I had a client that wanted 500-word articles once a month for their website. I showed them (with proof!) the wonders that long-form content can do, taught them the basics of SEO, and up-sold my services while also helping their business out big-time.

Just be genuine when you do this – you want to actually help your clients, so offer services that could really boost their business that they may not have even considered. Your clients will see your authenticity and be grateful for that expert knowledge, trust me.

What if the work actually dries up?

Sometimes, work can dry up for reasons beyond your control.

Just last month, my work-load from two clients was greatly reduced by pure coincidence (and thankfully not due to my performance as a freelancer!), and I couldn’t have predicted the change of pace because it was unexpected from both ends.

So what to do then? First, don’t sweat it. You found work before. You’ll find work again – just get started.

Use Your Time

Use any extra time you have to network and apply for more projects on job boards and personalise every single pitch. As someone who previously worked in recruitment, I can tell you right now that a generic cover letter will win you only glazed eyes and barely-stifled yawns. I wrote a great post a while back on landing your first client on Upwork, and the same applies even when you’re more experienced.

If you haven’t already, create a portfolio. If you don’t have enough experience to create a portfolio, create a blog and use that as your portfolio! These days, I win more work from this website than I do from my portfolio and supplement my income with money made from blogging, so that shows how a website can transform your career!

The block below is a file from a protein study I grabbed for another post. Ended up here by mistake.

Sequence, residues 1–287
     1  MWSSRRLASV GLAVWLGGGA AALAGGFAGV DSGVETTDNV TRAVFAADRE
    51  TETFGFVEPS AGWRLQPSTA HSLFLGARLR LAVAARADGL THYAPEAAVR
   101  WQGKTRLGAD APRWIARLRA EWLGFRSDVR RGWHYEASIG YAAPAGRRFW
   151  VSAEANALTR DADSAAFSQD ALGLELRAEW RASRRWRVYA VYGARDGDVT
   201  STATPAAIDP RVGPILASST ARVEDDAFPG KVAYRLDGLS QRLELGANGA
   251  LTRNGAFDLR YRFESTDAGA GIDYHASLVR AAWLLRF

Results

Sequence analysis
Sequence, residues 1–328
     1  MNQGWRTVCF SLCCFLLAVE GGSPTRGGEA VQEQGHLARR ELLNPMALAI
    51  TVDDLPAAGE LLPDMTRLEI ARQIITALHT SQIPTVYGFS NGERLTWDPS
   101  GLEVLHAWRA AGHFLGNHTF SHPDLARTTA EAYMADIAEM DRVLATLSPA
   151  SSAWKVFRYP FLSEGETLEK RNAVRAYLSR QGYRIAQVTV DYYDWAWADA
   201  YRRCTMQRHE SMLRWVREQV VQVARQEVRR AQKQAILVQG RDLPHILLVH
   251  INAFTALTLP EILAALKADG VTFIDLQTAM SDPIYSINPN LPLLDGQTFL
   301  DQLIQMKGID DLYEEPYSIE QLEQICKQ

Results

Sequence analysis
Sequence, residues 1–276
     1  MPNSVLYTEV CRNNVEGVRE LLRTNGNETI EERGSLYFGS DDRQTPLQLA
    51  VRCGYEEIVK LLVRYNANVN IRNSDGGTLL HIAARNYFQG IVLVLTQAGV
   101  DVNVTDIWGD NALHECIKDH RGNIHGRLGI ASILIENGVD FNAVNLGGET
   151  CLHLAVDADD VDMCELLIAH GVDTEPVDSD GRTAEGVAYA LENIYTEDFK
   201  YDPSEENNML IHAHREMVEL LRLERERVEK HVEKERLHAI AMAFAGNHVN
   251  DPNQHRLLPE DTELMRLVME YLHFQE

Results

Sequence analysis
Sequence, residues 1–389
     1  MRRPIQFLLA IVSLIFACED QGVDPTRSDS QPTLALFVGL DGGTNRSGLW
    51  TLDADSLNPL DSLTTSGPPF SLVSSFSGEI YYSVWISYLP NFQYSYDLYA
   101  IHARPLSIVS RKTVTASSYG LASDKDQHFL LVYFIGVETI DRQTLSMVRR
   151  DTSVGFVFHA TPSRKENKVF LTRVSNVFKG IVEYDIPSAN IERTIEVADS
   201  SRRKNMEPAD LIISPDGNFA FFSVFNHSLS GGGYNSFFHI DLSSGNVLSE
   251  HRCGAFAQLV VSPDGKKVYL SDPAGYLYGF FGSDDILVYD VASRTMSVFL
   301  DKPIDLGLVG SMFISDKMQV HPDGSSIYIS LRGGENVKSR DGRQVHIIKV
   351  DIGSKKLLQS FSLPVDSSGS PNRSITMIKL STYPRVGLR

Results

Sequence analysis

Read Next: How to Really Make Money as a Full-Time Blogger!

How to Get More Freelance Work

Get a ‘Real’ Job

Just because you’re a freelancer now doesn’t mean you can’t consider getting an office job. The stable pay can be extremely helpful, even if to you, it’s a temporary measure until you grow your freelance business.

It can take time to grow a freelance career, and there will always be peaks and troughs as you progress. Considering a job in an office should not be thought of as failing – it’s a smart move that will give you some much-needed stability.

When I’m back in the UK, I may even get a part-time office job to supplement my income while I’m converting my van – taking the pressure of always seeking out more freelance work off my back a little!

Expand Your Services

While I primarily work as a copywriter, I’m also a virtual assistant and social media manager for several companies. This keeps things interesting and diverse, but it also widens my skill base to qualify me for more project vacancies online.

If you’ve been narrowing your services on one service – such as writing – and are struggling to find regular work, don’t be afraid of expanding your services. So many people say to niche down, and while that can work, it can also take time. Learning new skills and working with new clients in different ways is not something to be looked down upon.

I recently wrote a really in-depth post on how to become a virtual assistant, I’d highly recommend checking it out if this is a service you’re interested in offering to your clients!

Your turn – what do you do when your freelance work dries up? Any tips or tricks I haven’t mentioned?